The technological innovation we call the Internet has spread across all walks of life. Although it’s relatively easy for businesses to set up Wi-Fi access for their employees, the process of controlling it properly can often be another story.
Wi-Fi networks use airwaves for communication, with the signal often extending over 300 feet. Because of its availability and range, Wi-Fi offers great potential for hackers to gain access to your network. Fortunately, there are ways to secure your company’s Wi-Fi. Let’s take a look at some of those ways and why it is important to have a secured Wi-Fi network.
How to Secure Your Wi-Fi
- Change the router’s default admin password – When you set up your router, you chose a wireless network password, but you might not have changed the router’s default administrative password. The default passwords for numerous router makes and models are easy to find online, and with that information, someone can take control of your network and use your router for nefarious purposes.
- Keep the router’s firmware updated – Just as when you update the software on your computer and phone, you need to keep the firmware updated on your Wi-Fi router. This easy task can fix bugs, which includes security vulnerabilities. Many routers will tell you when an update is available, and may even download such updates automatically.
- Use Wi-Fi Protected Access (WPA) – You should avoid using the older Wired Equivalent Privacy (WEP) standard because it is easier to hack into; instead, use WPA or WPA2 security standards that are ideal. They also rectify weaknesses found in WEP, thus making it more difficult for hackers to break into your wireless network. You also could use both WPA and WPA2 at access points to provide extra security for your wireless network.
- Use strong passwords for your Wi-Fi network – You’ve probably heard about the importance of using strong passwords before, but it’s worth repeating. Someone monitoring your wireless traffic could easily crack your password if you use regular words or proper names. Make your password as long and as random as possible to prevent anyone from hacking your network.
- Make a separate network for guests – If you have visitors or customers who are allowed to use your Wi-Fi network on a regular basis, you should provide a separate network for them. Guests will be able to access the internet, but not your primary internal network. This improves security and prevents guests from unintentionally infecting the primary network.
- Physically secure your router – Anyone can get around the security measures you have in place by simply pressing the reset button on the Wi-Fi router. Keep your router in a locked room or cabinet. If that’s not possible, mount it high up near the ceiling to thwart any obvious attempts to reset the router.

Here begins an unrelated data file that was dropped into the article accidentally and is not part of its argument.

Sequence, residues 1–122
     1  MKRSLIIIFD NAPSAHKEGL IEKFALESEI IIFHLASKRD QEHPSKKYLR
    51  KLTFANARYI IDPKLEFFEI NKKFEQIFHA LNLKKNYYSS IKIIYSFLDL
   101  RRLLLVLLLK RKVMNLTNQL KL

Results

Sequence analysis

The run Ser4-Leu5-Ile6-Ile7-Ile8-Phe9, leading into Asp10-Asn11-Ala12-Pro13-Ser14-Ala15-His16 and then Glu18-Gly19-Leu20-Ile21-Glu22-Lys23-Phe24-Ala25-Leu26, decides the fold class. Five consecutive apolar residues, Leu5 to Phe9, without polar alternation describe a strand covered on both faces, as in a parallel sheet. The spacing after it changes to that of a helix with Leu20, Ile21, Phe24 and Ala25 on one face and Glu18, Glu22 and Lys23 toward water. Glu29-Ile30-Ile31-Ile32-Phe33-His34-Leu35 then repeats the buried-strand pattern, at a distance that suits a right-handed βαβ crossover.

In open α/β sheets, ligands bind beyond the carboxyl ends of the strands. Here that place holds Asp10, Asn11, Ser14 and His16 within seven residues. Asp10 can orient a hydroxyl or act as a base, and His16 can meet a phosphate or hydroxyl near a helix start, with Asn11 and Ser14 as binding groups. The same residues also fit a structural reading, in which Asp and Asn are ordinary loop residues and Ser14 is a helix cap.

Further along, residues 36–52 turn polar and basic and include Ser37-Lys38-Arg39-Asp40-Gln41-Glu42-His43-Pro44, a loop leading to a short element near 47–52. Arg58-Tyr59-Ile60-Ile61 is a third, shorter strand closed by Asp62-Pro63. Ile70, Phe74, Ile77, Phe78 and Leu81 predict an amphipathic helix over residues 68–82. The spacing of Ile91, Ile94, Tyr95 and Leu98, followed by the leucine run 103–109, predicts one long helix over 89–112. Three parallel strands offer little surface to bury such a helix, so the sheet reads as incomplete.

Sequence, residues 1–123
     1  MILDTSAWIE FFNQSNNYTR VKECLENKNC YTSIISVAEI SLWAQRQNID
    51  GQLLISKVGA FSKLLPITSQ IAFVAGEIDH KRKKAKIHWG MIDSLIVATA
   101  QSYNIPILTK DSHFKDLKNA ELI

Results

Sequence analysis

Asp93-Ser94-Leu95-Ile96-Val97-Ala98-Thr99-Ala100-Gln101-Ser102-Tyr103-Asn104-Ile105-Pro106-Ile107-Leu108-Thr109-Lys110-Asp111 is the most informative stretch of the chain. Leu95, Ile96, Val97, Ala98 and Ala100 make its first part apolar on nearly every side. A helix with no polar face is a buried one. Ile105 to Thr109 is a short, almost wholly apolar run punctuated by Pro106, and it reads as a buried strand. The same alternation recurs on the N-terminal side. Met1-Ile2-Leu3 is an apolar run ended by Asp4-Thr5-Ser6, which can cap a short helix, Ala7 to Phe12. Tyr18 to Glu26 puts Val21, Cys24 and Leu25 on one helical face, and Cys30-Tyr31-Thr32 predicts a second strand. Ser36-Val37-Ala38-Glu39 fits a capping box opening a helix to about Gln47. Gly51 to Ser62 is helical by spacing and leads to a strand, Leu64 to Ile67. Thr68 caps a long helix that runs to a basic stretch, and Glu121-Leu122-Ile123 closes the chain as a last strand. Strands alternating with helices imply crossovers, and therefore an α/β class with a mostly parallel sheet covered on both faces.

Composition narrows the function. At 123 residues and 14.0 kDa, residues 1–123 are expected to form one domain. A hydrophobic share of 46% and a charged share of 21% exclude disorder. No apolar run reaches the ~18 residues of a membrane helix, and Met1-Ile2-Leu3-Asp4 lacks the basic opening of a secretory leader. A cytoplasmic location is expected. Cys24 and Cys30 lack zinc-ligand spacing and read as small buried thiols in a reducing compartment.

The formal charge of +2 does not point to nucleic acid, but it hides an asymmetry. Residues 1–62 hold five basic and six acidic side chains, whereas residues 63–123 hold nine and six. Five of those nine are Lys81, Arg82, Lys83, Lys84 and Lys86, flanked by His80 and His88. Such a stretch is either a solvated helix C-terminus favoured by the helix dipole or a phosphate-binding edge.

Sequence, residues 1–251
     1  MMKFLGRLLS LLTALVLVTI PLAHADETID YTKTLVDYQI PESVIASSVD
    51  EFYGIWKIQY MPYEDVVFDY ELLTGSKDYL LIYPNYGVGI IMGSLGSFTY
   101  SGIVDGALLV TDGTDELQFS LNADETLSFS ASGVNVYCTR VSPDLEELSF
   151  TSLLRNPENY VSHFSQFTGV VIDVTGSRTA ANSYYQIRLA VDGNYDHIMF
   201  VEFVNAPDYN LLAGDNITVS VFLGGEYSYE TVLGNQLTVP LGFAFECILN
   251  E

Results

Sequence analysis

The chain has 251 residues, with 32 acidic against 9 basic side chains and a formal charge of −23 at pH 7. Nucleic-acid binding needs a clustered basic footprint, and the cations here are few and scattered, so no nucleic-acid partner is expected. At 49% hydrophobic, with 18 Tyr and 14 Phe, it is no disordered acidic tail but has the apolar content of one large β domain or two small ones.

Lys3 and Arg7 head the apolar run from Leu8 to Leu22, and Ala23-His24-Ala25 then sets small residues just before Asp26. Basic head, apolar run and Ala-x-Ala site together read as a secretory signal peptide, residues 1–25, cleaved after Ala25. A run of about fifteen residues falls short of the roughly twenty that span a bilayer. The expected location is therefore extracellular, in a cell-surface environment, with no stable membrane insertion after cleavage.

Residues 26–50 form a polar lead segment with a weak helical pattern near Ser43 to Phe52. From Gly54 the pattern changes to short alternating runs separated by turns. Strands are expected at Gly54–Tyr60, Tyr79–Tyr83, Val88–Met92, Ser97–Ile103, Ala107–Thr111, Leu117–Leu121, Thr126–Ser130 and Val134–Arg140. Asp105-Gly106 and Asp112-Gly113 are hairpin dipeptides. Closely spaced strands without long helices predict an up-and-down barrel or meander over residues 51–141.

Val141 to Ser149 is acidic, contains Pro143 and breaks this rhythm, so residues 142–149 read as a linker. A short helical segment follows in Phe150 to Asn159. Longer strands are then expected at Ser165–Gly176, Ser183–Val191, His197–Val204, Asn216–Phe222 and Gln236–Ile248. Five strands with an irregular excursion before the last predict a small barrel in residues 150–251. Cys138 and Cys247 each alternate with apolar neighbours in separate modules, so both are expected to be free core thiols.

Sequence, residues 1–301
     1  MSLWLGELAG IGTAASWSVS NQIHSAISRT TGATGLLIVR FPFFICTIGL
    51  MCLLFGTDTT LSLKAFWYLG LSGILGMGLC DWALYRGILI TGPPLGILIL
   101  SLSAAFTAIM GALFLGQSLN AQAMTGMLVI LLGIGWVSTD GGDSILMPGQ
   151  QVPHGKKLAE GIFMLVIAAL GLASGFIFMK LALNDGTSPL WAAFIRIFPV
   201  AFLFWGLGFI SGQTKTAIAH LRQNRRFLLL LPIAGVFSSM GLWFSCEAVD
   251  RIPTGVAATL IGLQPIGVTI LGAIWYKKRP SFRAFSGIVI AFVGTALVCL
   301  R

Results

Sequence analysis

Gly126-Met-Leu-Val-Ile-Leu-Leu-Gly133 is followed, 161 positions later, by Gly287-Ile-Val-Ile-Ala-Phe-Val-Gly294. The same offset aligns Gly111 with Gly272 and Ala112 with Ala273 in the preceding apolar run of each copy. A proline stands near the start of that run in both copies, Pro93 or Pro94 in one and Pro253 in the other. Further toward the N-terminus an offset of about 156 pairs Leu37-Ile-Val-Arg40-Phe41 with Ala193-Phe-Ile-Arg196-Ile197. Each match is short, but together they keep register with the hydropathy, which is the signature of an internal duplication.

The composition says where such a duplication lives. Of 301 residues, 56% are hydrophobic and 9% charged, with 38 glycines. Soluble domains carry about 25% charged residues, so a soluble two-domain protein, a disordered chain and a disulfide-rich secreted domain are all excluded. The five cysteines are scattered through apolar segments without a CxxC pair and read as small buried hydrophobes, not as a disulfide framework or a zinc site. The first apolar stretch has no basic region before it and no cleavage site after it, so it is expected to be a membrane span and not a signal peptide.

Risks You Face With an Unsecured Network
Even if you believe sharing your Wi-Fi is harmless, you need to know that it can wreak havoc on your network and your company. Here are some dangers you face by having an unsecured Wi-Fi network:
- A skilled hacker can use your router to take control of the network and change the Domain Name System (DNS) settings and redirect your web traffic to fraudulent look-alike sites as a phishing attack. Your employees may give away sensitive usernames and passwords on these sites. Along with a secured connection, teach your employees how to recognize fake websites with Global Learning System’s anti-phishing training course.
- If a laptop infected with malware connects to your Wi-Fi, the virus could find its way onto your network. While the spread of the virus might not be particularly malicious, it is certainly preventable by using a secure network and a separate guest network.
- Since Wi-Fi is transmitted through the air, it isn’t necessarily confined to the walls of your buildings. With an unsecured connection, anyone can sit outside and enjoy free use of your internet. Not only are there security issues with this, but your employees probably wouldn’t appreciate the sluggish internet speeds they could encounter when outsiders use the network.
- Unsecured Wi-Fi opens you up to denial of service (DoS) attacks, which makes your network resource unavailable to the intended users. You may experience an unusually slow connection, no internet connection, unavailability of certain websites, or the inability to access any sites.
While it might seem easier or harmless to make your Wi-Fi available to everyone, doing so can open you up to a host of problems affecting both employee productivity and network security. Security awareness is important in any business, and Global Learning Systems offers a host of courses focusing on internet safety practices, helping you ensure your office network is secure.